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VISIT FLORIDA Trade Show Program Helps Promote “Unexplored Florida”

avatarBy on November 15th, 2016 — 12:17pm

In an effort to showcase Florida’s diverse destinations by bringing attention to the state’s less visited rural areas, VISIT FLORIDA began a travel trade show partnership in 2014 with the Original Florida Tourism Task Force, doing business as Visit Natural North Florida.  As a result, the task force, which represents 14 counties in North Central Florida, was able to show a 16 percent increase in tax revenues for the region between July 2015 and February 2016.

Due to the success of this program, VISIT FLORIDA is partnering with another regional tourism organization, the RiverWay South Apalachicola Choctawhatchee Organization, to help them promote Northwest Florida Rural Areas of Opportunity and work collaboratively with Visit Natural North Florida.

unexplored-florida-brochureThese two groups will begin attending both national and international consumer trade shows in key feeder markets in January 2017 as a united force under the brand Unexplored Florida.  To support this venture, VISIT FLORIDA has produced pop-up banners and brochures that will be displayed and distributed at the upcoming shows.  The brochure highlights what makes Unexplored Florida such a great place to visit, including a map of the region and tips on exploring springs, rivers, trails, historic sites and other outdoor attractions in the area.

VISIT FLORIDA’s travel trade program includes 13 well-known consumer trade shows in key travel markets, nine of which are domestic (such as the New York Times Travel Show and Canoecopia) and four are international (including the Toronto Outdoor Adventure Show and the Berlin International Trade Show).  By joining together, Visit Natural North Florida and RiverWay South will represent 22 counties promoting some of the most beautiful and unspoiled places in Northwest and North Central Florida.

Kate Chunka
Senior Manager, Industry Relations

Editorial: A River (of Money) Runs Through It


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By:   Homer Hirt

Immediate Past President, RiverWay South, Apalachicola-Choctawhatchee

One of the legends of West Florida relates that Mr. Ed Ball, who ruled the vast holdings of St. Joe Company, was approached by some California businessmen.  They had a need for  land and St. Joe controlled a million acres in West Florida.  After listening  as they related their plan for a tourist destination center, he, in measured tones, said:  “I don’t hold much with carnival rides”.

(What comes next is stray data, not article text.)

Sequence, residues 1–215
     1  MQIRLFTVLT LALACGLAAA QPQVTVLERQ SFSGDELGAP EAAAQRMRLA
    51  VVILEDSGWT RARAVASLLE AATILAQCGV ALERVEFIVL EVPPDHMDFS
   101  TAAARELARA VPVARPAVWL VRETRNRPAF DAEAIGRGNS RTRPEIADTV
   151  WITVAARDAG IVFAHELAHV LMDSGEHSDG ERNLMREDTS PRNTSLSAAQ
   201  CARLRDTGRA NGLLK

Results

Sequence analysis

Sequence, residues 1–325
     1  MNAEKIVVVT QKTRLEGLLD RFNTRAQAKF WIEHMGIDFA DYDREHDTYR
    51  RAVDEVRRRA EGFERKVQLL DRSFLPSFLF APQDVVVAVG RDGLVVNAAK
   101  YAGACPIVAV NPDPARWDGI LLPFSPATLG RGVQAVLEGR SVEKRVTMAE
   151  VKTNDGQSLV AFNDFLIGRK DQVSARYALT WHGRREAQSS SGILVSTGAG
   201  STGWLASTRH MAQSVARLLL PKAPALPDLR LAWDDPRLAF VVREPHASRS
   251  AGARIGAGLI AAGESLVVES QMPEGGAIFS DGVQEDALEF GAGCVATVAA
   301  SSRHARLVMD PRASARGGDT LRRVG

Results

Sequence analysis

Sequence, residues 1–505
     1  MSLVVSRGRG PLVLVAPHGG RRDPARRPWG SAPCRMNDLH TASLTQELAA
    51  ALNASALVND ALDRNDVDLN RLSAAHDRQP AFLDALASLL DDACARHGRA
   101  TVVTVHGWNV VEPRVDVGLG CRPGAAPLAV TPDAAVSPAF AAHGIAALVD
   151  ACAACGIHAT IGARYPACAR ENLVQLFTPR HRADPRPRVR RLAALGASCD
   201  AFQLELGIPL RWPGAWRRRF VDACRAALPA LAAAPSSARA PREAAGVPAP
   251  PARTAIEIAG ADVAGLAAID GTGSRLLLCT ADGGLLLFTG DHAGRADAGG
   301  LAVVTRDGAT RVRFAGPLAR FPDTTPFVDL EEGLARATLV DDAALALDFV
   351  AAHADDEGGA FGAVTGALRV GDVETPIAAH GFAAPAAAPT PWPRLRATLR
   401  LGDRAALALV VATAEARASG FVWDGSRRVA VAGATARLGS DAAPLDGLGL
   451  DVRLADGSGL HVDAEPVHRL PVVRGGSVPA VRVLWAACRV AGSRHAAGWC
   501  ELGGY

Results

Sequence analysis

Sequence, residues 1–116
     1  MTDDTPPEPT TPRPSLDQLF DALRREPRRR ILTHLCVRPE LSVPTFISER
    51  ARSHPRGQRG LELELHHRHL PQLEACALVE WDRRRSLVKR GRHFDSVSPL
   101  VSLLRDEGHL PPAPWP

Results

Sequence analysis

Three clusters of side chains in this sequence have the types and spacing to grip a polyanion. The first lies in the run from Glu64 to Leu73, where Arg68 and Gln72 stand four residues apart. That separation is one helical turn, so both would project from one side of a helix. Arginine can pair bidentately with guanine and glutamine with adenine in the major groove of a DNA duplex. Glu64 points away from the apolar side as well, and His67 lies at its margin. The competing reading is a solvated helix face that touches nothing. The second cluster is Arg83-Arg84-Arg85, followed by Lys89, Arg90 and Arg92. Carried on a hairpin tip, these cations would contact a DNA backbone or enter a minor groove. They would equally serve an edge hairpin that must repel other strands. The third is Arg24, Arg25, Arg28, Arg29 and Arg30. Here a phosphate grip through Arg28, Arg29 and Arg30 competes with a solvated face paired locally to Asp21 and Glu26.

So Walt Disney’s folks went to Orlando and soon Disneyworld came, with its thrill rides and comic book characters and castles and palaces.

And West Florida was left with rivers and streams and first magnitude springs, complete with flora and fauna, and great forests and beaches, and history that precedes the Spanish invasion.

Judy Randall, President of Randall Travel Services, the premier tourism company of the southeastern United States, at the March 2010 Jackson County Chamber of Commerce’s Power Breakfast  called Interstate 10  “A river of money”.

She told of the millions of vehicles that moved annually on the east-west route and described the passengers:  sales representatives, families, truck drivers, some going on by, some staying at roadside hotels. And she told the attendees what the visitors were looking for.

They are eager to have a home style meal in a nice restaurant, IF they knew where to find one.

Some would like to visit parks and attractions that were not as “hokey” as the theme parks, IF they could only knew about them.

Many would like mementos, handcrafted   by locals, that would be conversation pieces back home in Indiana or Kansas or Texas or California IF they were able  to find them.

Ms. Randall’s message inspired a group from the six riparian counties of the Apalachicola, later joined by Washington and Holmes counties, to seek a way to tell the story of what is here.  The organization, RiverWay South Apalachicola/Choctawhatchee (RWSAC) with funds from member counties through bed taxes, matched by a grant from the Governor’s office, was able to employ a professional tourism manager who provided wayfaring directions, tourism gap analyses, inventories, a website, advertising  and many other assists.

This year RWSAC will continue. As Florida promotes its five hundredth anniversary of  Spanish exploration, RWSAC will take part.  A summit will give access to the best and brightest speakers  in rural tourism.  A closer tie to Visit Florida  will put the area in the forefront of national and international publicity efforts. There will be a special emphasis on agricultural tourism.

We who have grown up in this part of Florida know what we have: family oriented beaches, magnificent rivers, national and state forests and parks, first magnitude springs, hiking and canoeing trails, history and cultural events and natural resources. Now is the time to let those folks that travel the “River of Money” know about it.


Explore OUR Florida!

My husband and I have been traveling the RiverWay region for two years, documenting its beauty, bounty, culture, and secret places. We’ve traded busy highways for winding country roads where cotton and peanut are king and Shade Tobacco history is traced through abandoned barns. I’ve visited land adorned by log cabins, pecan groves, and cattle. Land where grist mills stand by creeks and cane grinders are used to make syrup. Agriculture is celebrated here. (more…)